greentapestry : On The Scent ~ March 2015.

Sunday, 29 March 2015

On The Scent ~ March 2015.

In The Process Of Sowing Sweet Peas
Here the start of British Summer Time apart from being marked with some most unseasonable weather, has seen some scent orientated seed sowing. Thinking of summer days ahead has resulted in the sweet peas going in. It's hard to envisage that these hard dark brown cases yield the most delicious of scents come summer but they will. Sweet peas are the one annual that I can't imagine being without. Small bunches are cut regularly throughout the summer to waft their fragrance at me as I stand at the kitchen sink.

The Kitchen Windowsill
This year I'm sowing later than usual. In previous years autumn sowings have resulted in weak lanky plants, especially after mild winters, which has not been the ideal scenario when it comes to planting. Winter sowings have sometimes resulted in seeds rotting off so I've made a conscious decision to sow later this year. I do not soak the seeds prior to planting and usually do not have many problems with germination. I'm using root trainers for sowing. I only discovered these in 2013 and am now sold on them when it comes to planting sweet peas and beans. The act of transplanting is made so much easier on both the plants and the person planting them. Unfortunately the plastic is showing some signs now of wear and tear but they should see this season out. I was initially put off by the expense but they were well worth it. When eventually hardened off my sweet peas plants will travel to the allotment for planting.

From A Past Summer
Great fun was had choosing the 2015 varieties like that of choosing sweets in the good old days from Woolies pick 'n mix. All bar one were selected with scent in mind so we have :

  • 'Matucana' - which is one of the oldest sweet peas to have been introduced to these shores in around 1700. I've grown this for years so know that although the flowers are quite small they still pack a big punch when it comes to scent.
  • 'Erewhon' - I grew this last year. This is bi-coloured and is apparently quite unusual as it has lighter coloured upper coloured petals whilst the wings are darker. 
  • 'Beaujolais' - this was chosen for colour contrast rather than scent. I presume that the flower was named with the colour of the wine in mind. It still has some fragrance though.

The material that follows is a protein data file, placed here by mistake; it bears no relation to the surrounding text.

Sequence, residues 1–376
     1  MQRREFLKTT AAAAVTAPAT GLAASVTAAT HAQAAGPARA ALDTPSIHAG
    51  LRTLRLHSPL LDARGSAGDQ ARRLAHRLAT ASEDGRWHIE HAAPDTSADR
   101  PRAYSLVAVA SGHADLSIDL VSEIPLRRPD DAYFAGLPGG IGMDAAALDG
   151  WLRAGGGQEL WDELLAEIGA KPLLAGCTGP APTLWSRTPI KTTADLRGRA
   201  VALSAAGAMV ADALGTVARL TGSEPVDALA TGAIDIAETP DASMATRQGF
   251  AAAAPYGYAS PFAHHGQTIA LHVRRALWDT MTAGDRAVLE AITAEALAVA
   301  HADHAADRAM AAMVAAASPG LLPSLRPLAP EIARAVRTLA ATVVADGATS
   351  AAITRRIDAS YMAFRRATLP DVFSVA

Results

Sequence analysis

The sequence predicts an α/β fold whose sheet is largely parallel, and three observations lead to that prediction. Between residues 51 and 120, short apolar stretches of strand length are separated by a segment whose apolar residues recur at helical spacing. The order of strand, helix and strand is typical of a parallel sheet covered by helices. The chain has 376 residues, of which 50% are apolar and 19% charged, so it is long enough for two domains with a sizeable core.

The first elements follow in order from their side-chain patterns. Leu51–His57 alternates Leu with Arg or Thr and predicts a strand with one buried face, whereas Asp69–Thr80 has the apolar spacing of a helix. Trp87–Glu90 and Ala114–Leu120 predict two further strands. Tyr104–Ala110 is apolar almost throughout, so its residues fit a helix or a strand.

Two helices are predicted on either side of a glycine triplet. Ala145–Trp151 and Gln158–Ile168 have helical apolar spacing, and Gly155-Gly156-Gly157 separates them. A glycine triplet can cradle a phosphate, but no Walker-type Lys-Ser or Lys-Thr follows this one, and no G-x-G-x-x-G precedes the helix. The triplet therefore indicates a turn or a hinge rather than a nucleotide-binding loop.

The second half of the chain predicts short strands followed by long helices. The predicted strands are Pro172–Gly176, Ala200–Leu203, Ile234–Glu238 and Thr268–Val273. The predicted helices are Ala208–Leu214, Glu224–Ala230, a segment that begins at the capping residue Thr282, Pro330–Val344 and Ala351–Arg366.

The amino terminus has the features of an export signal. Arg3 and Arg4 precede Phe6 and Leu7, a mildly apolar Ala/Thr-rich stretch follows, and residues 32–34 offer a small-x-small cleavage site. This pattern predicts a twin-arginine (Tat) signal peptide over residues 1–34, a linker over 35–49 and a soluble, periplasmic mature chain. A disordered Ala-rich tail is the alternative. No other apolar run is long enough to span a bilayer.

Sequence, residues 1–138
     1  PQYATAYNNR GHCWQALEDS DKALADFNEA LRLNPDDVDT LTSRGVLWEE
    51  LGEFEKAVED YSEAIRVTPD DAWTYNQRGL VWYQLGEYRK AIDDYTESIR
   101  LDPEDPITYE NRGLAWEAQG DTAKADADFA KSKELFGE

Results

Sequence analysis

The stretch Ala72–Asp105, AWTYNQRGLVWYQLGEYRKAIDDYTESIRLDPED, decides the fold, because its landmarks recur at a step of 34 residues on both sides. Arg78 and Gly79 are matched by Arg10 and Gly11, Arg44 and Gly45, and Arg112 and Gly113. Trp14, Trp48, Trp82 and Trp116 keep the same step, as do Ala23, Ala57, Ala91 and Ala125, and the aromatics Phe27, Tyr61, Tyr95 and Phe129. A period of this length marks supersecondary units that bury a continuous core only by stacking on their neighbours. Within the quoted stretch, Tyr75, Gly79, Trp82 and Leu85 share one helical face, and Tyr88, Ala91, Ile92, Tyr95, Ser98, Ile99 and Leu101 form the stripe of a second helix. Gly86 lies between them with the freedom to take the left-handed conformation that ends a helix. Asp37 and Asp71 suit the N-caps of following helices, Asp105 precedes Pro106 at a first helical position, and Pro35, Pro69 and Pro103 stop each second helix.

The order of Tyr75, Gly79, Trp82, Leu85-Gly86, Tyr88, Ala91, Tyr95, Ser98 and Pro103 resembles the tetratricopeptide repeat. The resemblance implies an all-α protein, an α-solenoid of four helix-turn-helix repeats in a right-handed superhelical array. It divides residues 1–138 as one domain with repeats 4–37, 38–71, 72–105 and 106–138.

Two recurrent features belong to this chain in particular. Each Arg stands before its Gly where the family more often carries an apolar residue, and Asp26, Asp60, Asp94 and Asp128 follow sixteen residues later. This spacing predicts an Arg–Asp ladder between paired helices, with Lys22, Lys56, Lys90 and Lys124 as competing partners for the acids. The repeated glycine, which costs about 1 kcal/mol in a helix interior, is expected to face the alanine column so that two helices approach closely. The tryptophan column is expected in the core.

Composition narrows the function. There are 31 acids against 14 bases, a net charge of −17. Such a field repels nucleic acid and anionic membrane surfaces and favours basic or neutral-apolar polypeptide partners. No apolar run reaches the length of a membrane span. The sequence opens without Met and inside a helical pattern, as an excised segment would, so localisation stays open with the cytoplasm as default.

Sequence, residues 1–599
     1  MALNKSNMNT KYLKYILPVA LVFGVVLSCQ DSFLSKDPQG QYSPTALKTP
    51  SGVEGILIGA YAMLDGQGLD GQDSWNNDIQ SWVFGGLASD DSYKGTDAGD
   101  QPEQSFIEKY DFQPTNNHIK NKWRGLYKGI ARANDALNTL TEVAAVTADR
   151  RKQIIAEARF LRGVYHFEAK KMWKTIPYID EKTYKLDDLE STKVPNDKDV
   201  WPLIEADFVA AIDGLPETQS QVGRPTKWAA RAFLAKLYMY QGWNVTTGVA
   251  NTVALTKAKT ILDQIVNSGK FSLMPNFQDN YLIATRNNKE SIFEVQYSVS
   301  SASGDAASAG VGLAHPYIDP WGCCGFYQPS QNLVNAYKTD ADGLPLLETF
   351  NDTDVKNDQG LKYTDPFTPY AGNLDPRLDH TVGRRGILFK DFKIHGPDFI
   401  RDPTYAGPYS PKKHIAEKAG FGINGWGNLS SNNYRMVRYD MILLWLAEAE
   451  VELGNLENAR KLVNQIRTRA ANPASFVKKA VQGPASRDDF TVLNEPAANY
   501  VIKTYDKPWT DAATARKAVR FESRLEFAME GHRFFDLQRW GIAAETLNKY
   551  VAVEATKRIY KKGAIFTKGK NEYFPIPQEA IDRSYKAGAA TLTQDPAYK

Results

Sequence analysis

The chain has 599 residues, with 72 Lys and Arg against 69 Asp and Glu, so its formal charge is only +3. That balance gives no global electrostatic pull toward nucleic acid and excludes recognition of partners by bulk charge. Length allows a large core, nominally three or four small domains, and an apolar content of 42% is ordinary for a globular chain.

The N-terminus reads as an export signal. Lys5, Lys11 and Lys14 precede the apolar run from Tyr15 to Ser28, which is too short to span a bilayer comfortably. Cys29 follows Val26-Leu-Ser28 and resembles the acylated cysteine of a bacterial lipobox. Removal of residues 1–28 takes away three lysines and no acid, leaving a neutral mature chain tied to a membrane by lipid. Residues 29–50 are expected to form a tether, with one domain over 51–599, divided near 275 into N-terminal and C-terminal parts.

Then four varieties which as far as I recollect I've not grown before namely:
  • 'Gwendoline' - the seed packet promises a 'rich heady perfume' and this sweet pea is an RHS Award of Garden Merit winner. 
  • 'Mollie Rilstone' - she has arrived in one of those silver foil packets with no picture and no information other than sowing instructions. 
  • 'Eclipse' - as above but you can see a beautiful photograph taken by Julie over at 'Peonies and Posies' if you click on the name of the plant.
  • 'Hi Scent' - which is regarded as one of the most highly scented sweet peas available hence the name. In some catalogues the spelling is 'High Scent'.
Are you growing sweet peas this year and if so have you any special recommendations for scent? After all it's not to late for more. With thanks to Louise over at 'Wellywoman' and Sue at 'Backlane Notebook' for coming up with the idea of a monthly post on the subject of scented plants. Hopefully later this year I can return to show the results of my sweet pea sowings.

30 comments:

  1. This is one of our next jobs we don't soak or scratch our seeds either. As for recommendations most of the ones I'm growing are new to me this year so I'm not too sure how they will do yet. I just hope that I have chosen well.

    ReplyDelete
    Replies
    1. Oh I will be interested to hear about your new to you choices as the year goes on Sue. I hope that you have some scented ones amongst them.

      Delete
    2. Absolutely sweet peas aren't sweet peas for me if they are without a perfume. My choices are listed on my blog on 20 January - Sweet smell of success post.

      Delete
    3. Thanks Sue and noted for reading very soon :)

      Delete
  2. Ahhh, Woolies pick 'n' mix, that fills me with a sense of nostalgia. I sowed my sweet peas a couple of weeks ago, a collection which I picked up in the Wyevale 50p sale. I got five different varieties for 50p, they should have been £4.99, and they're a medium scent mix so I hope they smell good enough, afterall, we grow sweet peas for their scent just a much as their looks.

    ReplyDelete
    Replies
    1. I really miss Woolies Jo for so many odds and ends. I think I know the mix you mean. Yes scent is just as important as looks when it comes to sweet peas.

      Delete
  3. Not something I grow.....yet! I have no idea why I don't, as I do like them. Maybe it's time to put that right. I love the colours of the ones you've featured in your pictures Anna. I'll make a note of their name.
    Hope you get good germination and a wonderful display.

    ReplyDelete
    Replies
    1. Oh do have a go Angie and thanks for the good wishes. The ones in the photos in the post are 'Matucana'.

      Delete
  4. Is that matucana in the jug? All looks under control. Monty Don did a sweet pea sowing trial on Gardener's World and concluded spring sowing gave better results than Autumn.

    ReplyDelete